doi = {10.1007/978-3-319-71679-4_10}
}

Tim Baarslag, Michael Kaisers, Enrico H. Gerding, Catholijn M. Jonker and Jonathan Gratch (2017). When will negotiation agents be able to represent us? The challenges and opportunities for autonomous negotiators, In Proceedings of the Twenty-sixth International Joint Conference on Artificial Intelligence. Melbourne, Australia, pp. 4684-4690. [URL]  [DOI]

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Abstract
Computers that negotiate on our behalf hold great promise for the future and will even become indispensable in emerging application domains such as the smart grid and the Internet of Things. Much research has thus been expended to create agents that are able to negotiate in an abundance of circumstances. However, up until now, truly autonomous negotiators have rarely been deployed in real-world applications. This paper sizes up current negotiating agents and explores a number of technological, societal and ethical challenges that autonomous negotiation systems have brought about. The questions we address are: in what sense are these systems autonomous, what has been holding back their further proliferation, and is their spread something we should encourage? We relate the automated negotiation research agenda to dimensions of autonomy and distill three major themes that we believe will propel autonomous negotiation forward: accurate representation, long-term perspective, and user trust. We argue these orthogonal research directions need to be aligned and advanced in unison to sustain tangible progress in the field.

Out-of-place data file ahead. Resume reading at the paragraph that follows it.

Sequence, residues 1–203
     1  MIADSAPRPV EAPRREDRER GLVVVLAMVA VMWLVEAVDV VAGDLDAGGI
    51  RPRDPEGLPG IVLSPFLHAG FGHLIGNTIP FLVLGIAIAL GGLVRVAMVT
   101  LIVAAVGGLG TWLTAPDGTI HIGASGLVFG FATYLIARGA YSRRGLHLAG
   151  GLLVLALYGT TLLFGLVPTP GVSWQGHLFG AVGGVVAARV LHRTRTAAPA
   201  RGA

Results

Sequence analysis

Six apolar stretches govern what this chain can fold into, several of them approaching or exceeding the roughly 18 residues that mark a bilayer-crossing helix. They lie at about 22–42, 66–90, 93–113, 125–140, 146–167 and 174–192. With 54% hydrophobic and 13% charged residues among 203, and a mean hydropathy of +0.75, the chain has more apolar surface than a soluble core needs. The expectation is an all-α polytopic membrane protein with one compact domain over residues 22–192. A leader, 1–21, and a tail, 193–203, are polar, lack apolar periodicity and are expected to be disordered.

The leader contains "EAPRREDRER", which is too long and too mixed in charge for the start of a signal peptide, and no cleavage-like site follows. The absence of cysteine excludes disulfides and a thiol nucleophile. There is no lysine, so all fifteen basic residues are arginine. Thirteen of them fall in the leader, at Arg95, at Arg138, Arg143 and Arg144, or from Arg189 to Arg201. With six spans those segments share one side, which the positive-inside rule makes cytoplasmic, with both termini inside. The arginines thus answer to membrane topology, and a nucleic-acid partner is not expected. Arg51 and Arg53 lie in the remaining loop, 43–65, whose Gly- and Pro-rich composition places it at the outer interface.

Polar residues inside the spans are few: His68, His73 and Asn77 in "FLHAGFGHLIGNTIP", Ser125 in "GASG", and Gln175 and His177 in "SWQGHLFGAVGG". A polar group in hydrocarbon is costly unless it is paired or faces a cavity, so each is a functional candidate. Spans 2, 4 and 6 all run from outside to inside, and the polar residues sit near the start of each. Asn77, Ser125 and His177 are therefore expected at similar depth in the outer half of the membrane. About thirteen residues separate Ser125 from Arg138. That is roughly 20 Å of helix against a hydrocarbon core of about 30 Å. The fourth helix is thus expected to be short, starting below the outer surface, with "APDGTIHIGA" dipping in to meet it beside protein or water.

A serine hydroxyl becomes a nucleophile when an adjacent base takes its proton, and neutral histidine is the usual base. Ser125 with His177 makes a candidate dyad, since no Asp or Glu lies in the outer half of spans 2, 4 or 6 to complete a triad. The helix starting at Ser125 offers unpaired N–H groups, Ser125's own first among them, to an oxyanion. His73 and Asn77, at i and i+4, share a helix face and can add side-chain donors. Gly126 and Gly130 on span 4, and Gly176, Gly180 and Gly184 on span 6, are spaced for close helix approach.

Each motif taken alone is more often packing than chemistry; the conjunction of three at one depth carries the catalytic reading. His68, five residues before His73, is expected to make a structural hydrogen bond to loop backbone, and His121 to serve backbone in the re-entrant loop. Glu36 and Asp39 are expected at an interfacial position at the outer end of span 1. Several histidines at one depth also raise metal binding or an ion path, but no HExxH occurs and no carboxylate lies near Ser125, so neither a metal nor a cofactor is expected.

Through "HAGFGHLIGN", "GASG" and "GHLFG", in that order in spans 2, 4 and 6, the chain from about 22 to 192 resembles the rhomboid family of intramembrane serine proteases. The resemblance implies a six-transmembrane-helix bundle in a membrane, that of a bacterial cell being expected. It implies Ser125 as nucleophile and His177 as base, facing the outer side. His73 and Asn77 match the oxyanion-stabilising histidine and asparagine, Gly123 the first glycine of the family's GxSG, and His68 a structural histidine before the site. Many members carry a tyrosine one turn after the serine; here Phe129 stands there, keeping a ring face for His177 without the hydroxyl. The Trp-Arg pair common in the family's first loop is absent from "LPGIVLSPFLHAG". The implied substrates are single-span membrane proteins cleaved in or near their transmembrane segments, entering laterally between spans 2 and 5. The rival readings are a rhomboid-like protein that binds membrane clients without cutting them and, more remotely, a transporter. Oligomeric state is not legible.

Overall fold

@inproceedings{BaarslagChallenges,
  author = {Tim Baarslag and Michael Kaisers and Enrico H. Gerding and Catholijn M. Jonker and Jonathan Gratch},
  title = {When will negotiation agents be able to represent us? The challenges and opportunities for autonomous negotiators},
  booktitle = {Proceedings of the Twenty-sixth International Joint Conference on Artificial Intelligence},
  year = {2017},
  pages = {4684--4690},  
  series = {IJCAI'17},
  address = {Melbourne, Australia},
  url = {https://doi.org/10.24963/ijcai.2017/653},  
  doi = {10.24963/ijcai.2017/653}
}